Aduriz was born in San Sebastian, where Real Sociedad hail from, but he expects a respectful reception from their fans if and when the final goes ahead.

He added: "Maybe all of us are keeping in mind the Copa del Rey final, but we're prioritising other things now.

"We're all going through a tough time where many people are struggling a lot and even passing away…so, the final of the Copa has its importance, but maybe not that much now.

"There are other things we need to solve together, and if the day [of the final] finally comes, I'm Donostiarra [people originally from San Sebastian]. I've always felt very comfortable in Donostia [the city's Basque name] and that won't change whatever happens in any football game. I'm sure they will treat me in the same way, no doubt."

Asked about recognition for his achievements from Athletic fans, Aduriz replied: "If we've learned something from this pandemic or virus that we're struggling with, it's that we should think twice about what is important.

"I sincerely believe the people who really deserve a statue and recognition are clear nowadays, and it's not me or any football player.

"I would build a statue to those who are battling every day at the very front line against the virus in all the hospitals. They're showing us what really matters.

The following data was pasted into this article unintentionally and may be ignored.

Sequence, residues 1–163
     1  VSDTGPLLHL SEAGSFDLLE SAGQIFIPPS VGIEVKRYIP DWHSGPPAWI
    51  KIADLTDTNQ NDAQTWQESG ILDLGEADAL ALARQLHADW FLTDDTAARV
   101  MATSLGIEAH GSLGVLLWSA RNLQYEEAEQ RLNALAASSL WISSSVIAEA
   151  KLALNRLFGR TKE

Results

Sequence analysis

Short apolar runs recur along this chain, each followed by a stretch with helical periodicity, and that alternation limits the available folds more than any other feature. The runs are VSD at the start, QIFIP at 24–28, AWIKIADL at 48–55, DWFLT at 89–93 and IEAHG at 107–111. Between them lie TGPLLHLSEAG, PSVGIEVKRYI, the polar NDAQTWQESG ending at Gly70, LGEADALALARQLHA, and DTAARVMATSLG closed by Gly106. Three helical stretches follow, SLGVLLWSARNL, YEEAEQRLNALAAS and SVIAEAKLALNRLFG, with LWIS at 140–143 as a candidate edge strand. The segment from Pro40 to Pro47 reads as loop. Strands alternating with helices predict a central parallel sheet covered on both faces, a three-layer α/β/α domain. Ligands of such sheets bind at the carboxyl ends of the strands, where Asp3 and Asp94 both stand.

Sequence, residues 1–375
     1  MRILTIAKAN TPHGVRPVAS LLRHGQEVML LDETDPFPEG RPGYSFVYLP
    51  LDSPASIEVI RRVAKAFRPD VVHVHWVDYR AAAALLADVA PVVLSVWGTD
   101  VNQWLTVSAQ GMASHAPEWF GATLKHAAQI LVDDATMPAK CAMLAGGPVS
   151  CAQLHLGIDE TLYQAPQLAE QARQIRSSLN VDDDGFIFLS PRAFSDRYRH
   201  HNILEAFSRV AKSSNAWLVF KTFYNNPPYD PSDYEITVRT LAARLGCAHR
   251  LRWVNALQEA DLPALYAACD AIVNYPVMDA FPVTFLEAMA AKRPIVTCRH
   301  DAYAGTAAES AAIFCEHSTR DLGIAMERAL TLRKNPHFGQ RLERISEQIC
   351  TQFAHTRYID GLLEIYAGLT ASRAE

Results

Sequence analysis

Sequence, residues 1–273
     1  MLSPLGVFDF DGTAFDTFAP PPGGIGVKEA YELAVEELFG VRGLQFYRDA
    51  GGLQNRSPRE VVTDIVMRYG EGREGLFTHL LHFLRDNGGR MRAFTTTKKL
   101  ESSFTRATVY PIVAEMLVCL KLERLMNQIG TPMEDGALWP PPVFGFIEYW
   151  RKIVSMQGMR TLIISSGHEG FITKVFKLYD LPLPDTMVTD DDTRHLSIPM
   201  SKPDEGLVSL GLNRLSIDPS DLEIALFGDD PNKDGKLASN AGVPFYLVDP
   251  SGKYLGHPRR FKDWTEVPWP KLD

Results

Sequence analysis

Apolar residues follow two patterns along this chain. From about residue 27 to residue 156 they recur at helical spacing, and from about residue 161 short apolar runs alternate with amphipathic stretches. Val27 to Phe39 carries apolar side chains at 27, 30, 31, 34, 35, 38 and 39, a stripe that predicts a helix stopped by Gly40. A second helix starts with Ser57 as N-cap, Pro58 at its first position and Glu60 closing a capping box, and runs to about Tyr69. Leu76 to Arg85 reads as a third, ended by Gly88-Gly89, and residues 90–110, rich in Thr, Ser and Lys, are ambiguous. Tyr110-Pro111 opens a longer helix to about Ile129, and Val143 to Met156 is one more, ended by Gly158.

"We have to realise what's important and what isn't. And this is probably showing us that football isn't important enough for this kind of recognition."

Sergio Ramos has won it all for Real Madrid and Spain.

From the World Cup to the Champions League, the Madrid and Spain captain has a full trophy cabinet.

As Ramos celebrates his 34th birthday on Monday, we look at what the former Sevilla defender has achieved since moving to the Santiago Bernabeu in 2005.

 

1 – Ramos helped Spain win their first World Cup in 2010. Playing as a right-back, with Carles Puyol and Gerard Pique the centre-back pairing – Ramos was crucial in Spain keeping five clean sheets in South Africa. It is his only World Cup title to date.